Punctuation of Titles of Plays, Books, Poems, Magazines, Movies, and Television Programs

Contributor: Linda Price. Lesson ID: 10091

The title may seem longer than the entire lesson, but it is important to know how to punctuate titles when you reference them in essays and other documents. Your teachers will grade you on this!

categories

Writing

subject
English / Language Arts
learning style
Visual
personality style
Golden Retriever
Grade Level
Middle School (6-8), High School (9-12)
Lesson Type
Quick Query

Lesson Plan - Get It!

Audio:

What would you do if you had to write a paper referencing Ponyboy's reading of Gone with the Wind and Johnny's affection for Frost's Nothing Gold Can Stay in Hinton's The Outsiders? How would you show each distinct piece of literature? Quotes? Italics? Do we still underline things? Is it too late to pick a new topic?

Quotation Marks? Italics? Underlines? Oh My!

As you progress through the higher grades, not only will you be expected to write more papers, you will be expected to read more frequently, and from a more diverse repertoire of materials.

When the worlds of reading and writing and writing about what you read intersect, you need to be proficient in correctly citing texts within your document.

You will review how to correctly reference published works, copyrighted works, and sources for copyrighted works in your writing. This includes everything from books to newspaper articles, YouTube channels, websites, songs, and TV show episodes.

That's right, even if you're writing a journal entry about what happened last night on your favorite show, you need to format titles properly. Plus, everything is now digital and available in new formats, so the rules continue to change.

We suggest you check with the Perdue Online Writing Lab (OWL) at least once a year for any style changes.


The two forms of formatting you will generally use are italics and "quotation marks." You also need to know when to use lowercase letters in longer titles, but start with the basics and work your way home from there.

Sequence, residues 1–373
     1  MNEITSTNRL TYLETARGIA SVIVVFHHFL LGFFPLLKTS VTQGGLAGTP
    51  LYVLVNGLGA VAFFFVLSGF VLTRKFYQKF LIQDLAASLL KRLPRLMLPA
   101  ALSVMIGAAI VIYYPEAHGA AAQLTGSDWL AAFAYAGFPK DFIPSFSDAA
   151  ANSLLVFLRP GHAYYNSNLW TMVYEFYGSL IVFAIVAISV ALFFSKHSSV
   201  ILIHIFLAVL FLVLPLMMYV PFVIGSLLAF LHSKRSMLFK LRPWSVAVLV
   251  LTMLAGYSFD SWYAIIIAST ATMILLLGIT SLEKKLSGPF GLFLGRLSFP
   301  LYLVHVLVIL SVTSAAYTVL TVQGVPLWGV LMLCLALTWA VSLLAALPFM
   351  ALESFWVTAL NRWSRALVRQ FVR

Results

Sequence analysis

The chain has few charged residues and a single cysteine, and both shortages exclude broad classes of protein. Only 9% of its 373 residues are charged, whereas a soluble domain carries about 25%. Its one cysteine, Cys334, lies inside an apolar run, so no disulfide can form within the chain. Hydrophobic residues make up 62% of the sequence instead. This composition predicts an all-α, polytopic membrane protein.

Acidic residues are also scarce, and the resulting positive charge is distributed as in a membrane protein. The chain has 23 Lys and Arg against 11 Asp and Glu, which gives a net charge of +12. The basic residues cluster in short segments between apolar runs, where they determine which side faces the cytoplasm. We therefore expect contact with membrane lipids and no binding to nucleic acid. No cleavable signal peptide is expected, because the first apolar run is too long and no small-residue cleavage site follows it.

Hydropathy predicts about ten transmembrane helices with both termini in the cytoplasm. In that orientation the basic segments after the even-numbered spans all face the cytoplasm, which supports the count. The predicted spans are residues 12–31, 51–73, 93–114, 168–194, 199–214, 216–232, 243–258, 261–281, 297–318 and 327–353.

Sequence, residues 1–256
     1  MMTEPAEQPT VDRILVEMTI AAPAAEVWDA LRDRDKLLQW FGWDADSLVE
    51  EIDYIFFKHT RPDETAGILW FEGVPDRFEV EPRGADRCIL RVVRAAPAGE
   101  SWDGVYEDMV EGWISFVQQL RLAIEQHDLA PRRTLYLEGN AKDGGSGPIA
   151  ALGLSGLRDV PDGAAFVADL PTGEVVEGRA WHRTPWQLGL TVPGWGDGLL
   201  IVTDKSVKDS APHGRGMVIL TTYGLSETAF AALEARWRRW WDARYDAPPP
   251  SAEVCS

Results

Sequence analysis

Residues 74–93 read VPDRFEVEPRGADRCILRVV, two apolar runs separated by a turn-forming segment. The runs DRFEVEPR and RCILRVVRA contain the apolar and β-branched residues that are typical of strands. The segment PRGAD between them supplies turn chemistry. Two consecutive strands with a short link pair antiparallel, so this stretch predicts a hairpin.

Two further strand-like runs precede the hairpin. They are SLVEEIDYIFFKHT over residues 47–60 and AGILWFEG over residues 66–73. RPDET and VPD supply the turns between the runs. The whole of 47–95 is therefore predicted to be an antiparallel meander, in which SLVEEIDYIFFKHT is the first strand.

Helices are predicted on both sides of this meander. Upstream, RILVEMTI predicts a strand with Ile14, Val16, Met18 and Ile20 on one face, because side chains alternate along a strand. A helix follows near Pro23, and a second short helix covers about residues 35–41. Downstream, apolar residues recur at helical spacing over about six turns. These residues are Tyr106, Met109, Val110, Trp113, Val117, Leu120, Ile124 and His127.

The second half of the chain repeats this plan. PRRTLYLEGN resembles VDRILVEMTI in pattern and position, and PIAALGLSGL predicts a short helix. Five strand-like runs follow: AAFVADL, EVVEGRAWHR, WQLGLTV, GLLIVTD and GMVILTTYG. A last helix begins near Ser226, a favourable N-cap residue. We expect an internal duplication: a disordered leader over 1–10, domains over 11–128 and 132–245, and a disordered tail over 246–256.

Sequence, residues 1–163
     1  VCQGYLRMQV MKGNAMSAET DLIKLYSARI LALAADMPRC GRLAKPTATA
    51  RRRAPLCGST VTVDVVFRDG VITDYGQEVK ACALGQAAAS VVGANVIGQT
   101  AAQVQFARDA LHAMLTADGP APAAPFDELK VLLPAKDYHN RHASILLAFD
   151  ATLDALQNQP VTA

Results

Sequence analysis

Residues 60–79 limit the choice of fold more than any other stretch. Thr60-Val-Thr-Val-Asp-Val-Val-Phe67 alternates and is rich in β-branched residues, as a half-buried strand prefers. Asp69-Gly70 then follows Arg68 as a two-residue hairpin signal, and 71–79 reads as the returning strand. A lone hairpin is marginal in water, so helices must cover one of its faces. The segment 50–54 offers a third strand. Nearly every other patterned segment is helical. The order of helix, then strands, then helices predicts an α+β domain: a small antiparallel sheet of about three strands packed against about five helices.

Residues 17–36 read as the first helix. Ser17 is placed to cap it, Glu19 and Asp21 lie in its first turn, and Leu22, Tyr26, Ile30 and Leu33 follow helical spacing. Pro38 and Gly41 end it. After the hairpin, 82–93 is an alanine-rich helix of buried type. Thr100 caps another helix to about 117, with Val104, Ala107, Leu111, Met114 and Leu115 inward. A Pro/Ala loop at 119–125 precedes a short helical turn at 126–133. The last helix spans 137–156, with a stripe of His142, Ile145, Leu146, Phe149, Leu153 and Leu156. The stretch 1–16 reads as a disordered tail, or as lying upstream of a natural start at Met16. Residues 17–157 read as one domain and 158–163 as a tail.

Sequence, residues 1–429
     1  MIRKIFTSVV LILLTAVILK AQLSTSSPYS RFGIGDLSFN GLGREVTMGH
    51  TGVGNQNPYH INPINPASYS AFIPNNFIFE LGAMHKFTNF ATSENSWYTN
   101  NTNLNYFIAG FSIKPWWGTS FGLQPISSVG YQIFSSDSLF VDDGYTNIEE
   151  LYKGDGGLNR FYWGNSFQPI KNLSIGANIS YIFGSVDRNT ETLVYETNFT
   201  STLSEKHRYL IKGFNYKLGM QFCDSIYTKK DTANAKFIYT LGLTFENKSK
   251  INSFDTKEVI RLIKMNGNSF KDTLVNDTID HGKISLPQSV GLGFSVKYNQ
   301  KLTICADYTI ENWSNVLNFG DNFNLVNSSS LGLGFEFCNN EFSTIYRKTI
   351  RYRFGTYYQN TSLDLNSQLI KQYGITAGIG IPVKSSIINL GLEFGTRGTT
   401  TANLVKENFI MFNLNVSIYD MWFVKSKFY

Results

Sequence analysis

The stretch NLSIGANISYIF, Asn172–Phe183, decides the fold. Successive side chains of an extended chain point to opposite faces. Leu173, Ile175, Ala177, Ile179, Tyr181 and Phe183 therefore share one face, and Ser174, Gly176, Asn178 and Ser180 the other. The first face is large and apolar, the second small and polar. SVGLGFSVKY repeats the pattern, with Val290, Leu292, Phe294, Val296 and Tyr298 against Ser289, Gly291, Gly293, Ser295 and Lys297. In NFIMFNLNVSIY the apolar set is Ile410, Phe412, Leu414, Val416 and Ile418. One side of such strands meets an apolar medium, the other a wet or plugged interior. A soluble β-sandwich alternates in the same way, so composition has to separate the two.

Take a look at the following sentences. What are some things that you notice?

  • Shakespeare’s Hamlet is being produced by our local theater group.

In this sentence, the only published work or source for published or copyrighted work referenced is Hamlet, which is italicized. This means plays are italicized.

  • Stephen Spielberg directed Indiana Jones and the Raiders of the Lost Ark.

This seems easy; all you need to do is identify the title. In this sentence, it's a movie title: Indiana Jones and the Raiders of the Lost Ark. Our movie title, like our play title, is italicized.

  • My favorite television program in the 90s was Seinfeld.

Finding the title, Seinfeld, we see it's a TV show and it, too, is italicized.

  • Hinton's The Outsiders contains one of Frost's most beautiful poems, "Nothing Gold Can Stay."

This sentence has two titles. The first, The Outsiders, is a book title. Like all book titles, it is italicized.

Wait, what's this? A poem? With quotation marks? Just when you thought you had this all under control, in comes a poem to throw you off your game. You're not down yet, just think about what the first four titles had in common. If you read back a few lines and say they are all stand-alone pieces (meaning they don't need the help or support of any other published medium to make it to the public), then you are correct!

A poem usually needs to be published in another book of poetry, a text book, novel, etc., to make it to the public. If a piece of work needs support from another work, it gets quotation marks. Therefore, "Nothing Gold Can Stay" is put within quotation marks.

  • My favorite of Chaucer's Canterbury Tales is "The Miller's Tale."

After the last explanation, this mention of a work within a work should be simple. The stand-alone piece Canterbury Tales is italicized, while "The Miller's Tale," one of the tales within the collection, is surrounded by quotation marks.

  • My older brother watches some questionable channels on YouTube, but I like "Nerdy Nummies with Ro."

There are even rules for YouTube! Think of it as TV, or a stand-alone source, and every channel or video as a piece that needs to be held in place by quotation marks.

So, what do you think you would do with music? An album title and song title? What about a playlist and a song title? Well, think about which is the stand-alone and which needs the support of quotation marks. The same holds true for websites, magazines, TV show episodes, etc.

Now that you're getting a grip on punctuation, continue on to the Got It? section for some practice!

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